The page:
"I try to start these articles by putting my preconceptions out there first. Every reviewer or blogger has them, they affect our opinions, and you have a right to know them. So I’m writing this introduction the day before our first copies arrive.
The lens is designed by IB/E Optics GmbH in Germany and manufactured by Kipon (aka Shanghai Transvision Photographic Equipment Co. Ltd). IB/E has developed a number of lenses and adapters for the Cinema world and other optics, so I figured the design would be good; probably a telecentric lens with a built-in speedbooster-type element or group. Kipon is known as a lens adapter company, although Shanghai Transvision has also manufactured and distributed video and photo accessories. They are rumored to manufacture lenses for other brand names, so they have some lens manufacturing experience. But, I have to say, my expectations for build quality weren’t great.
Okay, so much for what I expected. There are now five new copies sitting on my desk so let’s take a look."
Check out the rest of the article at the LensRentals Blog.
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However, I think this latest video does a poor job of differentiating between third-party batteries and counterfeit batteries. It lumps both types of batteries into the same, scary "non-genuine battery" category.
Personally, I'd be much more concerned about using a conterfeit battery than a third-party battery. If a company is dishonest enough to slap a Canon logo on its battery, then there's a good chance the company doesn't care about the performance and safety of the product. And why would they? The dishonest comany's reputation is not at stake.
However, when a company puts their own name on a battery intended to be used in a Canon product, I'm more willing to believe that the company has taken sufficient precautions to ensure the battery will work as advertised and won't damage my camera. And if it does damage my camera, I know that Canon isn't responsible for the repair bill.
I understand that Canon wants to protect and educate its customers. There's nothing wrong with that. However, I think labeling third-party batteries and counterfeit batteries in the same way goes a bit too far, and I start questioning whether the movie's motive is really about public safety or the bottom line.
Share your thoughts in the comments.
After shooting the headshots with the black background, Kim had what she had asked for. But the last time I was on stage, I was captivated by some of the set pieces being prepared for the upcoming play. I had imagined using the lounge chair as a prop and the understated, yet beautiful wallpaper as a backdrop. And I couldn't get that idea out of my head. So after we wrapped up the headshots Kim had asked for, I suggested we take a few more minutes and try something completely different. I explained to her what I was thinking and she readily agreed to extend our session a little longer. She decided a change of clothes might work better for the new setup, and I agreed.
Setting up the shot (seen at the top of this post) took 5 - 10 minutes. I used nearly the same lights and light modifiers that I had used in the previous setup, so it was merely a matter of moving around some furniture, a few light stands and my tripod.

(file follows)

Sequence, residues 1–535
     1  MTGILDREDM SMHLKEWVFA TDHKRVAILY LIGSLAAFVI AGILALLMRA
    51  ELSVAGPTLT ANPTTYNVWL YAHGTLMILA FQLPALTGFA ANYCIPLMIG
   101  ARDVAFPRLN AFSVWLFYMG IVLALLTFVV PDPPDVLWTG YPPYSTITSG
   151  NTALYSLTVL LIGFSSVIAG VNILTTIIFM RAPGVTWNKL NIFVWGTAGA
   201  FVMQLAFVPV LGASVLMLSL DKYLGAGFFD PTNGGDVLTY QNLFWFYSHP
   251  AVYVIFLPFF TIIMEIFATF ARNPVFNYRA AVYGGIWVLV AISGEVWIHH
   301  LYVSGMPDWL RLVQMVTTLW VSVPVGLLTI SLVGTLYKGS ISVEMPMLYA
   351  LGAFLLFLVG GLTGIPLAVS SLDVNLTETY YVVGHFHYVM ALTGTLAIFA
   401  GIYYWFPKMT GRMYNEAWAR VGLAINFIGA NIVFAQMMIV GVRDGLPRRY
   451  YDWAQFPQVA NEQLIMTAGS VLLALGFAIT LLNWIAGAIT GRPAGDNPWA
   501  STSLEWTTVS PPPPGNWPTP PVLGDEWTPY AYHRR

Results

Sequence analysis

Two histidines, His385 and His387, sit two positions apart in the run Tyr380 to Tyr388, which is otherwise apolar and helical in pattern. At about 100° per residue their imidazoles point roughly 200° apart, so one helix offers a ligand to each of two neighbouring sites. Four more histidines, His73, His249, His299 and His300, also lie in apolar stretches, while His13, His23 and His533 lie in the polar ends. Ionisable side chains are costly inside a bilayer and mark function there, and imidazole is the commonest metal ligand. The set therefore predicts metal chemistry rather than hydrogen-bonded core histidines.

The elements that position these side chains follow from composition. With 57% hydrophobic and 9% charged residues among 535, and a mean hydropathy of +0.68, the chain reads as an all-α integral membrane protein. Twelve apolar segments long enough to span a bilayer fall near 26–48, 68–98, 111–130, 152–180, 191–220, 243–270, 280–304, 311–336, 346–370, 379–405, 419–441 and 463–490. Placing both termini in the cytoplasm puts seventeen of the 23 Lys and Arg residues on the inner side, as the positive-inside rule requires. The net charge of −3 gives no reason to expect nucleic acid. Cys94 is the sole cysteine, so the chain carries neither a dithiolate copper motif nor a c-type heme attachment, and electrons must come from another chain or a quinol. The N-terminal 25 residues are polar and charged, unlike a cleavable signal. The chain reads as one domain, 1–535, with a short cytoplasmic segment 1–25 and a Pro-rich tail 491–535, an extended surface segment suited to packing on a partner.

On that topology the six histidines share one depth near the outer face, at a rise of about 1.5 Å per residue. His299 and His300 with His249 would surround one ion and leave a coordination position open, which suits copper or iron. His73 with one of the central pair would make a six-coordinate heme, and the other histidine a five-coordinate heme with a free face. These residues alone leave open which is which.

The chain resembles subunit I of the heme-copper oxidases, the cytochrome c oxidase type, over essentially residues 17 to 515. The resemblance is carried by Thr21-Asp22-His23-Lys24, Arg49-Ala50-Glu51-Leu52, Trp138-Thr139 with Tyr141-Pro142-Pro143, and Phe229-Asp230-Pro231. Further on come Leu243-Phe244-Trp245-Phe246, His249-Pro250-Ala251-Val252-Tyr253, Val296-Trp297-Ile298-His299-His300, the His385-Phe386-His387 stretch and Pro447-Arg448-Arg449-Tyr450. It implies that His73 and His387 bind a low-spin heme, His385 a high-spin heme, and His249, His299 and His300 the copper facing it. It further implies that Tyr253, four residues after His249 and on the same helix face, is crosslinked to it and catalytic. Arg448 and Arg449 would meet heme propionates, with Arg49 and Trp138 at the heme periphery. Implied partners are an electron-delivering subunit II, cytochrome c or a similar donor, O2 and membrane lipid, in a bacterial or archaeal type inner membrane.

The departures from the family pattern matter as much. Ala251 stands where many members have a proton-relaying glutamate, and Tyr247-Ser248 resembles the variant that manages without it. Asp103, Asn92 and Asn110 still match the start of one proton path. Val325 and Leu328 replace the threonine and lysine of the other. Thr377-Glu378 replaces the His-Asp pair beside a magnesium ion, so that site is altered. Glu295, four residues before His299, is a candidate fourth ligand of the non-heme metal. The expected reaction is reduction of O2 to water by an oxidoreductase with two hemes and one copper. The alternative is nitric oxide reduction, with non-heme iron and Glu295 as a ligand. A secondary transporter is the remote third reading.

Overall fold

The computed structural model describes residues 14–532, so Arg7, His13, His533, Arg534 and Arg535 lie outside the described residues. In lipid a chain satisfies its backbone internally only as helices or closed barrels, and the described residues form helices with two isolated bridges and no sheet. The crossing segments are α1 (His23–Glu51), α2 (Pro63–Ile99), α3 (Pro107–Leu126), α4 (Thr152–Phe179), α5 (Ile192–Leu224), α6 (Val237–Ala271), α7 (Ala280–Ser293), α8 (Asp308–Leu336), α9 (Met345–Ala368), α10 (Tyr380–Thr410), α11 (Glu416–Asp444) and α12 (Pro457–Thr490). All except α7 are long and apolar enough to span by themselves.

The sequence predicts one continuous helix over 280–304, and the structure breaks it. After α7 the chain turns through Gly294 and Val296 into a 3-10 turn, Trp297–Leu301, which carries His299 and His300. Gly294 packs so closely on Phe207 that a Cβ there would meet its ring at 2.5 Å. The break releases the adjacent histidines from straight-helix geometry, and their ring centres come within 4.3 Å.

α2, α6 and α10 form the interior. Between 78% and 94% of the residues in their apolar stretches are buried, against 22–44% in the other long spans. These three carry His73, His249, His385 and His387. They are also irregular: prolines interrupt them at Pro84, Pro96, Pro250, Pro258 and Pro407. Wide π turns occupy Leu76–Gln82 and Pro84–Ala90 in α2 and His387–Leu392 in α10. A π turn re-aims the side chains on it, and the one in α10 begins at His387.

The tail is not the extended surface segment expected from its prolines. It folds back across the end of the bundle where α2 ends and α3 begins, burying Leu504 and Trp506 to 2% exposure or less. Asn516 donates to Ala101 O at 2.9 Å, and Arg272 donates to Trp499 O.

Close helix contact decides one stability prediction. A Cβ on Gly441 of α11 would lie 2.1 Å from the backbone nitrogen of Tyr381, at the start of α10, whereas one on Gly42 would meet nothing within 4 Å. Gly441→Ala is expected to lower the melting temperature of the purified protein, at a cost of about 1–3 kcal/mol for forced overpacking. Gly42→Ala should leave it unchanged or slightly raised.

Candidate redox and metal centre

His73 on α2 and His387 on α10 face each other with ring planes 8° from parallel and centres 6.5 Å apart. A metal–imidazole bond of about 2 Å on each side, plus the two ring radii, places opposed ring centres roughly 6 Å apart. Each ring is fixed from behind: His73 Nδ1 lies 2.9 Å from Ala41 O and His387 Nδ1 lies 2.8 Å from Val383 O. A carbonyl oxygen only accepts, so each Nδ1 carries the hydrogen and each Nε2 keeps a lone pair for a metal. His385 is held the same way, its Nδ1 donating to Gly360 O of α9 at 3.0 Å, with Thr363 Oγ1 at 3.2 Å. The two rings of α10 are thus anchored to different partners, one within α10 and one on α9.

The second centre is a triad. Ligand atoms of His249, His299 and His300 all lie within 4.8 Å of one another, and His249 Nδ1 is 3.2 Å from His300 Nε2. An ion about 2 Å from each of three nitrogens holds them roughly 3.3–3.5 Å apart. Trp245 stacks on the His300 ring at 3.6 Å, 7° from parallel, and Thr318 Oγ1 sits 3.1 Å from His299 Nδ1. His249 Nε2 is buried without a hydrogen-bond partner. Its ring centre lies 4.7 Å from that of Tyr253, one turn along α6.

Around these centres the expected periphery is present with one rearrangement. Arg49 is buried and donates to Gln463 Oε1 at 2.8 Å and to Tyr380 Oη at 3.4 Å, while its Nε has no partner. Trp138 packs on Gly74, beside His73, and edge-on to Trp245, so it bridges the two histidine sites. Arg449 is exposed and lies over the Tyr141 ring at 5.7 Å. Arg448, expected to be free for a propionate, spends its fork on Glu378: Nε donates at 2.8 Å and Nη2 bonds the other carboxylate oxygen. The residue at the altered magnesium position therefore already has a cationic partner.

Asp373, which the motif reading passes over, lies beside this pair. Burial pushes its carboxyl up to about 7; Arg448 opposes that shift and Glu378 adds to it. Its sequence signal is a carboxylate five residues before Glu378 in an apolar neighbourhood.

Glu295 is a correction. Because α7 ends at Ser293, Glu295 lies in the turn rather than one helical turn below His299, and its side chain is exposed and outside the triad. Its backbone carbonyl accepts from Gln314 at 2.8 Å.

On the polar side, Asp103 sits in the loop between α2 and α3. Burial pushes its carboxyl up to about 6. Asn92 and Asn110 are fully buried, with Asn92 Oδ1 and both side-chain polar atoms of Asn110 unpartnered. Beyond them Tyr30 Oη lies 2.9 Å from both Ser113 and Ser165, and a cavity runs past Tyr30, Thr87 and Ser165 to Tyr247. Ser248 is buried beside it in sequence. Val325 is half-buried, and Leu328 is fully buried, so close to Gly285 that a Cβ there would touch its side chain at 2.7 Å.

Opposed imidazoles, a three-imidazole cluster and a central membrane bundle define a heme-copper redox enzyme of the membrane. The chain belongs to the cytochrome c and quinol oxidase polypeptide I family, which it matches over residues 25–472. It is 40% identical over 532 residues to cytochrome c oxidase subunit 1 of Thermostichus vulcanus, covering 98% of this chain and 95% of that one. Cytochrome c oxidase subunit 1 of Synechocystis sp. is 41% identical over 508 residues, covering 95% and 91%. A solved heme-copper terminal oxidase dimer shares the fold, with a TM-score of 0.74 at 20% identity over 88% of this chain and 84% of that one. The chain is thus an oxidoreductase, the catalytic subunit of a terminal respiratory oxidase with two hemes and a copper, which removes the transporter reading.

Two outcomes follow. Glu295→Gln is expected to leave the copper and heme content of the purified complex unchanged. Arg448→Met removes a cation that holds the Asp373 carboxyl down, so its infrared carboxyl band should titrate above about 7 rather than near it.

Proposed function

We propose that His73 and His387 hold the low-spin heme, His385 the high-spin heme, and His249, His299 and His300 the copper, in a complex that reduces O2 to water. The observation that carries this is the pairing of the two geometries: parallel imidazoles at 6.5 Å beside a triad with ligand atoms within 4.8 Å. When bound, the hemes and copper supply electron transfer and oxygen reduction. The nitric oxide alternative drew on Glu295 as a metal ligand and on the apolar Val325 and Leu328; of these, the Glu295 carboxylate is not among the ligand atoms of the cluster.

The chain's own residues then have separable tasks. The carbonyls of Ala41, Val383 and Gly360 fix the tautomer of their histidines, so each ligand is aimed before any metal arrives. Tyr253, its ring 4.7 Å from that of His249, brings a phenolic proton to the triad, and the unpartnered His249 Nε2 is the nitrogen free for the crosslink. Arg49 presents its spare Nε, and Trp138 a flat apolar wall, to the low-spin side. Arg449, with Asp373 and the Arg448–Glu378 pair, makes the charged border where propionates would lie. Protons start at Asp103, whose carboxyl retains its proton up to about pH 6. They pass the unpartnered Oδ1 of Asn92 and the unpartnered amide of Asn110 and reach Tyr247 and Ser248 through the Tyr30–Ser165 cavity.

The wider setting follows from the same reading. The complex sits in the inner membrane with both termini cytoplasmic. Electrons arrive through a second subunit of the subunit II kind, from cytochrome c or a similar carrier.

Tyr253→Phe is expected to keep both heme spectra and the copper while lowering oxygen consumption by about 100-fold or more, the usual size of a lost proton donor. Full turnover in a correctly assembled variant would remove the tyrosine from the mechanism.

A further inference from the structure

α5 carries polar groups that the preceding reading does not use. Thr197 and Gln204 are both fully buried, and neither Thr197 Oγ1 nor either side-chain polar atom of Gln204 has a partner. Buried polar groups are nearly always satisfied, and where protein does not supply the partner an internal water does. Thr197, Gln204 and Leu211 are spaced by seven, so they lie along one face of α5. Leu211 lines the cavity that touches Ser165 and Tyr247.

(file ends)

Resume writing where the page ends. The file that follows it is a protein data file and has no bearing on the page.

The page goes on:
It only took a few shots to dial everything in. And after that, we captured some of the best images of the day. No, they weren't the images Kim had asked for – but she liked them even better (as did I).
So what did I take away from this experience? When clients hires you, they may have a set of guidelines (or restrictions) for you to follow in order to achieve specific goals. And there's nothing wrong with that. You have to give the client what they need.
But many times it's difficult to create the image that's in someone else's head, no matter how well they communicate it to you. So you do your best to give the client what they've asked for.
It may sound obvious, but here's something to keep in mind – anyone who hires you was likely impressed with the work you've already created. So if a shot really inspires you, it will likely inspire your client as well – so try to devote a few minutes to getting the shot you want to get, even if it's not a part of your agreed shot list. And then maybe both of you can walk away from the table getting more than you bargained for (in a good way).
"Digital Photo Professional (DPP) version 4.0 is the latest release of Canon’s free RAW image management and editing software, and this incarnation is heralded as the first major update since the software was launched. Canon has responded to feedback from Digital Photo Professional users and incorporated feature requests and suggestions into version 4.0 to create a better looking package that offers a smoother, faster workflow. In this article CPN writer George Cairns examines how DPP 4.0 is better equipped to support your photographic workflow – as you import, browse and develop large numbers of RAW images – and investigates new features, such as the ability to make selective hue, saturation and luminance adjustments for eight colour gamuts."
Read the entire article on the Canon Professional Network.
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